Mini Baked Alaskas!
These individual baked Alaskas are the perfect dessert for two!
- 2 tablespoons + 1 ½ teaspoons all-purpose flour
- ¼ teaspoon baking powder
- ¼ teaspoon cornstarch
- 2 tablespoons + 1 ½ teaspoons granulated sugar
- 1 large egg, at room temperature
- 1 tablespoon + 1 ½ teaspoons milk
- 1 ½ tablespoons unsalted butter
- ¼ teaspoon almond extract
For the rest:
- 1 pint black cherry sorbet
- 2 Morello cherries (optional)
- 3 egg whites
- ⅓ cup granulated sugar
- Preheat the oven to 350.
- Use a 9 x 5" metal bread loaf pan for this recipe; it needs to have sharp corners. Do not use ceramic bakeware with rounded corners.
- Line the bottom of the pan with parchment paper. Trim it very well to fit perfectly. Do not grease the pan in any way.
- In a medium bowl, sift together the flour, baking powder, and cornstarch twice. (Or, whisk it very well).
- In a separate bowl, combine the granulated sugar and egg. Beat on high speed until it reaches the consistency of soft whipped cream. This can take anywhere from 5-8 minutes. It will be fluffy and pale yellow with soft, floppy peaks.
- Melt the butter and milk together in the microwave. Stir in the almond extract
- Fold one-third of the flour mixture into the eggs. The proper folding technique is: down the middle with the narrow part of the spatula and then sweep the sides of the bowl. Take your time and do this carefully until all of the flour mixture is incorporated, adding ⅓ of the flour mixture at a time.
- Finally, stir in the hot milk and butter mixture all at once and fold in very well.
- Pour the batter into the pan, and bake for 10-12 minutes, or until a toothpick inserted in the center comes out clean.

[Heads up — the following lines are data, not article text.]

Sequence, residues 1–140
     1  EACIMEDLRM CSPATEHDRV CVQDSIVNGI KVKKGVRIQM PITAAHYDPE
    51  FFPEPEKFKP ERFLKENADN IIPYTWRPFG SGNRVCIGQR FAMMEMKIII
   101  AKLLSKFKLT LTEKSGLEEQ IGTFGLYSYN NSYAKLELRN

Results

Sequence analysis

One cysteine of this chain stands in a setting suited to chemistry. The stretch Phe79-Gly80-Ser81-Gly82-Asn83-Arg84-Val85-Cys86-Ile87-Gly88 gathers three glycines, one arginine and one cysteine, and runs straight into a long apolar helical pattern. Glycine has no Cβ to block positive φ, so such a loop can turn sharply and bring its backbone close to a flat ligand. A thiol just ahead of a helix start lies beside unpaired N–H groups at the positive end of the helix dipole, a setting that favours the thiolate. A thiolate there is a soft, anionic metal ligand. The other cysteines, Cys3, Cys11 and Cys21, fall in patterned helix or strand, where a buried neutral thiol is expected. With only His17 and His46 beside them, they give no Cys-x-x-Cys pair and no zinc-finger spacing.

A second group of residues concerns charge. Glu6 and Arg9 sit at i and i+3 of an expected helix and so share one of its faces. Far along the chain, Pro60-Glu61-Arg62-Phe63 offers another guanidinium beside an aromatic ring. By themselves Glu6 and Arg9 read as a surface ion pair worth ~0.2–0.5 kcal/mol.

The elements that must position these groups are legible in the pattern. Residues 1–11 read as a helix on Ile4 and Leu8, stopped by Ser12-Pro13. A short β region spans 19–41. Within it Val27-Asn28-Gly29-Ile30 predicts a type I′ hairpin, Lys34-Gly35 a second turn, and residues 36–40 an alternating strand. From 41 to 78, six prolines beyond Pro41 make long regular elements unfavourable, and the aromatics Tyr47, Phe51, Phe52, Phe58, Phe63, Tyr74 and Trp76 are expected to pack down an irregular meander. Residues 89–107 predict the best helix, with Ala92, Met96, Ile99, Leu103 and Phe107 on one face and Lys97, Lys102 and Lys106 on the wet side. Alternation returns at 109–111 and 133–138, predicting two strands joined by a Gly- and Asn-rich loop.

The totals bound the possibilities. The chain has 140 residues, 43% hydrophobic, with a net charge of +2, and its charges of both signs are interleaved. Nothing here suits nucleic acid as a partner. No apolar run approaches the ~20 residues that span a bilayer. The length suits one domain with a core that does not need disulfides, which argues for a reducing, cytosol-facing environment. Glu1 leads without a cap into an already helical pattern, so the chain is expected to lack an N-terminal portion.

- Remove the pan from the oven, and let cool for 10 minutes. Then, run a knife along the edges of the pan and invert the cake carefully onto a cooling rack. If the cake doesn't flop out, use a rubber spatula to help it. The cake is very forgiving and does not tear easily. The parchment paper will stick to the surface of the cake. Gently peel it off, but if any more than a thin layer of cake sticks to it, let it cool completely before pulling it off. You can make the sponge cake the day before.
- Next, scoop two perfect spheres of the sorbet by using an ice cream scoop. Level off the surface of the sorbet with the scoop to make a flat bottom. Then, dip your finger in warm water, and then push a hole for the cherry in the center of each scoop. This is optional.
- Move the sorbet scoops to cupcake liners (or parchment paper) and freeze until very firm.
- To assemble, use the edges of your ice cream scoop to cut out perfect-sized rounds of sponge cake. Top each cake round with one of the sorbet scoops. Place back in the freezer.*
- Next, whip the egg whites in a medium bowl on high speed until soft peaks start to form. Stream in the sugar and beat until combined. Don't beat the egg whites past the point of soft peaks--no stiff peaks! (The large amount of sugar should prevent stiff peaks, but be careful, still!)
- When ready to serve, pipe the egg whites (or use a spoon) over the sorbet-cake bombes. Use a fork to make ridges in the egg whites.
- Using a culinary torch, brÃ»lÃ©e the egg whites from a safe distance.
- Serve immediately.
*You could top the sorbet scoops on the cake and freeze overnight.
Amount Per Serving: Calories: 504Total Fat: 12gSaturated Fat: 6gTrans Fat: 0gUnsaturated Fat: 4gCholesterol: 116mgSodium: 192mgCarbohydrates: 94gFiber: 4gSugar: 85gProtein: 11g
You know, I really, really need a blowtorch. Shopping ahead.